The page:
Illnesses encountered during medical volunteering in Takeo province, Cambodia

Hye Yoon Lee, Sung Hun Choi, Jae Suk Rim, Ho Kyung Lim, Young Soo Heo, Jeonghee Shin, Rinet Aieng, Chai Hong Rim

    Research output: Contribution to journalArticlepeer-review


    Background and Objectives: Medical volunteering seeks to meet the clinical needs of underserved areas, but has been criticized for difficulties in addressing local health issues and resultant lack of sustainability. Our team has visited rural Cambodia annually since 2012. This study reports the illnesses encountered during the recent mission and share our experiences to improve the efficiency of medical volunteering. Materials and Methods: Infrastructure, such as public electricity or water, was unavailable, hence most medical care and records were hand‐performed. We categorized (1) primary diagnoses (chief complaints) by duration of symptoms, and (2) primary and secondary diagnoses (illnesses that were not related to the chief complaint) by severity of illness since patients commonly reported multiple symptoms. Blood pressure and anthropometric values were also checked and analyzed. Results: We encountered 317 adult and 141 pediatric patients. Among adults, 61.3% had persistent chronic (>6 month) symptoms of their chief complaints. The commonest diagnoses of chronic symptoms were musculoarthritis (31.5%) and gastroesophageal reflux disease and/or gastritis (21.7%). Hypertension and/or cardiac problems were relatively common among males (13.6%). The most common diagnosis among the severest cases (specialized or intensive care recommended) was cardiac problems (14.8%), often with abnormalities in sonography or electrocardiogram. For children, the overwhelming majority of diagnoses were related to acute symptoms and low severity, and approximately half were cases of the common cold. Commonly prescribed drugs were antacids or mucosal protectors (31.3%), Non‐steroidal anti-inflammatory drugs (NSAIDs) or other painkillers (27.6%), and antiparasites (17.7%) in adults, and NSAIDs (44.7%) and antiparasites (23.2%) in children. Among adults, 32.7% were diagnosed with hypertension, and body mass index (p = 0.003) and age (p < 0.001) were both correlated with hypertension and its grade. Conclusion: Our study offers practical help to volunteer health workers planning to visit Southeast Asia.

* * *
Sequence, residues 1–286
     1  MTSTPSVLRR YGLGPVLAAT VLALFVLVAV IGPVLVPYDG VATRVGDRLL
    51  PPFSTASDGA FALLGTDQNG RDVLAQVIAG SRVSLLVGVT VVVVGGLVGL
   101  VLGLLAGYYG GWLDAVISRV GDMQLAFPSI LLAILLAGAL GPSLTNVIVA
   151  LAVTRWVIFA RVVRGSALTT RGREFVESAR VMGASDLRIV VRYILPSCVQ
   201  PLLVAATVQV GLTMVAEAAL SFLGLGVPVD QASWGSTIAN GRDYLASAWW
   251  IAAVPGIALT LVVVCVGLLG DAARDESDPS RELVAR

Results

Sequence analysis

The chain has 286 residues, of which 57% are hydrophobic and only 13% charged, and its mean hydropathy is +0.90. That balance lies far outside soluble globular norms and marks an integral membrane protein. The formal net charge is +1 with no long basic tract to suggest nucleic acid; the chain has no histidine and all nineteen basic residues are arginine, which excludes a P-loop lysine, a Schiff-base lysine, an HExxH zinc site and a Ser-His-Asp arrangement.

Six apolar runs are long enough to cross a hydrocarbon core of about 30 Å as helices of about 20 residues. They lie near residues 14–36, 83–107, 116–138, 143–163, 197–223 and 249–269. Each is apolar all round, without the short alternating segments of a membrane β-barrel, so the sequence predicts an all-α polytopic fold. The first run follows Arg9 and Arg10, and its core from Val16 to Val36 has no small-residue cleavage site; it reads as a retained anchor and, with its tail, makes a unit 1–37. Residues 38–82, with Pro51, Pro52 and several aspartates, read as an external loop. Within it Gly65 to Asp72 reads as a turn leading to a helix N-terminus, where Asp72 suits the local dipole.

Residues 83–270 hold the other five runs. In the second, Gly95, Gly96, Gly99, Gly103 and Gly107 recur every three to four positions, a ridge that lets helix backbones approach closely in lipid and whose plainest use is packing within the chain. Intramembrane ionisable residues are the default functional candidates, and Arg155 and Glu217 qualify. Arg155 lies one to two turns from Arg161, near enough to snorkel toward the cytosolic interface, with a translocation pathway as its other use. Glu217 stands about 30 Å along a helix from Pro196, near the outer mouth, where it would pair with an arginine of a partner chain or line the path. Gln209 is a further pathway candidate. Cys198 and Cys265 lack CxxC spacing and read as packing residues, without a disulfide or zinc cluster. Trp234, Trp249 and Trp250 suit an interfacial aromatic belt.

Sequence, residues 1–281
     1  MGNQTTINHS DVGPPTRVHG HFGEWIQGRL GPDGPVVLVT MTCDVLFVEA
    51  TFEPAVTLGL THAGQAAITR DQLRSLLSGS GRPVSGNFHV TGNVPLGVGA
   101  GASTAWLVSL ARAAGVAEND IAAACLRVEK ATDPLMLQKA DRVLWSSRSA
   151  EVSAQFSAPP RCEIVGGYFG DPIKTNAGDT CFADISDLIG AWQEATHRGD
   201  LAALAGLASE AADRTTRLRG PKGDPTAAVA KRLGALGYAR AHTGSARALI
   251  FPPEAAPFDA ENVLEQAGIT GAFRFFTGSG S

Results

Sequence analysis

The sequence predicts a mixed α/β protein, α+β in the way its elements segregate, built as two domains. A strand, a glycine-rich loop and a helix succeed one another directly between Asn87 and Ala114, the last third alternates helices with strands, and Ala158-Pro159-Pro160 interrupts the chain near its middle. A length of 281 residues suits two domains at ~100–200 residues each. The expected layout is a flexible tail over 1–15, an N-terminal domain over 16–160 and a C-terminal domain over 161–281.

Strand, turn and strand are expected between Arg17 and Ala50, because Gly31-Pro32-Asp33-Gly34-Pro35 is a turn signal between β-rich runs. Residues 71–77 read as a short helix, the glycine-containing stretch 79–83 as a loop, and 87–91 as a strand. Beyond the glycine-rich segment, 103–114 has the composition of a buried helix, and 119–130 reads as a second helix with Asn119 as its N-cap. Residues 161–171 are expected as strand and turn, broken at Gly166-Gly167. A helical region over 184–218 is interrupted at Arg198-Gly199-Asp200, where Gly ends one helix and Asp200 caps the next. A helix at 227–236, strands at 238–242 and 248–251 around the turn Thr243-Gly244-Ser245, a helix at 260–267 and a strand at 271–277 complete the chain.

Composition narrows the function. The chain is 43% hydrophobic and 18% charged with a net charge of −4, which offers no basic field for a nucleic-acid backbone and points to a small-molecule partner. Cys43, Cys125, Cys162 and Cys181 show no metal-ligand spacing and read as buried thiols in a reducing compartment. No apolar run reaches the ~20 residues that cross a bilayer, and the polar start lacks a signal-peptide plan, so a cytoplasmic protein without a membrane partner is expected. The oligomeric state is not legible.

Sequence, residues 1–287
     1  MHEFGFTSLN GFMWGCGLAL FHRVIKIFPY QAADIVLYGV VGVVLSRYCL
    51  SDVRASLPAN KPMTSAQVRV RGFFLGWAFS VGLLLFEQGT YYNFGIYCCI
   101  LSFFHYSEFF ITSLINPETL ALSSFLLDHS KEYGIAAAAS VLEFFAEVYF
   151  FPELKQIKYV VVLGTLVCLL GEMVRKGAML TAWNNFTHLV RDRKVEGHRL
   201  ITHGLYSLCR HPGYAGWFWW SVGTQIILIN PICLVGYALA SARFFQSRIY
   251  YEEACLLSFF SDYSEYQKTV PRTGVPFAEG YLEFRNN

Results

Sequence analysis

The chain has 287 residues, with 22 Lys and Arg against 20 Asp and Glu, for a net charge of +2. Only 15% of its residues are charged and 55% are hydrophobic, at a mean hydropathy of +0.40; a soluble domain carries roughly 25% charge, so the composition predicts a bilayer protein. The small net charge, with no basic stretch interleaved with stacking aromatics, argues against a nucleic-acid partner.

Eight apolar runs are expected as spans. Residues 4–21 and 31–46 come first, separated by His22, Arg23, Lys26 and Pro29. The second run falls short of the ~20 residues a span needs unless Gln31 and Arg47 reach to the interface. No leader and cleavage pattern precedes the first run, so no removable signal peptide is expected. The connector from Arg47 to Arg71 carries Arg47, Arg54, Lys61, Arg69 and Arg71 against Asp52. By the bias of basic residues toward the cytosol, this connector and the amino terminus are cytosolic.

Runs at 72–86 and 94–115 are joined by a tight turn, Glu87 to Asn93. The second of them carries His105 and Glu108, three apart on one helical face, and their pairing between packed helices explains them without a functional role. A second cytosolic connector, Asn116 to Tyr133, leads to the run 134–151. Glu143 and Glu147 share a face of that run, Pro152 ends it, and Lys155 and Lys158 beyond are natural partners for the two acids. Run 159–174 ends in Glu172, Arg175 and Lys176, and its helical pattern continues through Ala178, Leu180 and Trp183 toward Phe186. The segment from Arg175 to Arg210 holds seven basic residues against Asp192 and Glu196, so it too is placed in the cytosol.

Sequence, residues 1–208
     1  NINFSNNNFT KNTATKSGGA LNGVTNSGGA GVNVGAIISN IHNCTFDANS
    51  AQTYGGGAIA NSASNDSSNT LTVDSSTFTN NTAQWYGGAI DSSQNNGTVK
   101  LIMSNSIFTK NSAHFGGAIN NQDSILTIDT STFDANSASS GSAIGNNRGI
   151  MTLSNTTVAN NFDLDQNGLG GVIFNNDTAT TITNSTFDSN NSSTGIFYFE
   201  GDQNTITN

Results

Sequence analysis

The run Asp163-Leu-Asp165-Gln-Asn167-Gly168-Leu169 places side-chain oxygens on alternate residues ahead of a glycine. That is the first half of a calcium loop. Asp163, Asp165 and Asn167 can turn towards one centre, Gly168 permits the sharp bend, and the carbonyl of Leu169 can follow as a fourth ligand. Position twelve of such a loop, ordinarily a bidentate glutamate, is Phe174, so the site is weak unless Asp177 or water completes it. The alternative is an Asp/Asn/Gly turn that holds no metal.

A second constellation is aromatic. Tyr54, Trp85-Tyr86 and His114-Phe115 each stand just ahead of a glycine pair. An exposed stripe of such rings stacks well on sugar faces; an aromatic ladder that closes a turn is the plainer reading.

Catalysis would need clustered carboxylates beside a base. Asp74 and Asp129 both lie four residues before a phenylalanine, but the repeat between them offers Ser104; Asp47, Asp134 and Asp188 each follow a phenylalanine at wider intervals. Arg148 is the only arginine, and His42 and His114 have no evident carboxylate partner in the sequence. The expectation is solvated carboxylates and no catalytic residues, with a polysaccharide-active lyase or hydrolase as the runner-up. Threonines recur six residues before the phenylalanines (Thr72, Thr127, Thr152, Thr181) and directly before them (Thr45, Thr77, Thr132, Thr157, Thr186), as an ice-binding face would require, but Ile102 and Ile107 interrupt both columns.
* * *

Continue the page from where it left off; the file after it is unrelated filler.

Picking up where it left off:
Original languageEnglish
    Article number30
    JournalMedicina (Lithuania)
    Issue number1
    Publication statusPublished - 2020 Jan


    • Cambodia
    • Hypertension
    • Medical volunteering

    ASJC Scopus subject areas

    • Medicine(all)


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